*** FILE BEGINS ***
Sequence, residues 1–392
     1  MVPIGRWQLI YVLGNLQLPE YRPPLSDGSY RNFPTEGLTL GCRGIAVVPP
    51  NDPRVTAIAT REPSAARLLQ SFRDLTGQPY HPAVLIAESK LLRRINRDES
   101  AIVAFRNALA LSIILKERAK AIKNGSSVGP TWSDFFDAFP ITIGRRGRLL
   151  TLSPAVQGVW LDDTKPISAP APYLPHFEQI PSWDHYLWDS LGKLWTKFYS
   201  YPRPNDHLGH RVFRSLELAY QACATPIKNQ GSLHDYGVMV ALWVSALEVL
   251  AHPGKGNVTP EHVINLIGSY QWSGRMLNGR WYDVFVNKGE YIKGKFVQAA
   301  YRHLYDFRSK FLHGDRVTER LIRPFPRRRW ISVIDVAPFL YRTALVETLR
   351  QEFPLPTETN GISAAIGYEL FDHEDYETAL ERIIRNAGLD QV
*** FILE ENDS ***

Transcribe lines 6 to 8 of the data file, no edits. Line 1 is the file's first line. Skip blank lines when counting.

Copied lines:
   201  YPRPNDHLGH RVFRSLELAY QACATPIKNQ GSLHDYGVMV ALWVSALEVL
   251  AHPGKGNVTP EHVINLIGSY QWSGRMLNGR WYDVFVNKGE YIKGKFVQAA
   301  YRHLYDFRSK FLHGDRVTER LIRPFPRRRW ISVIDVAPFL YRTALVETLR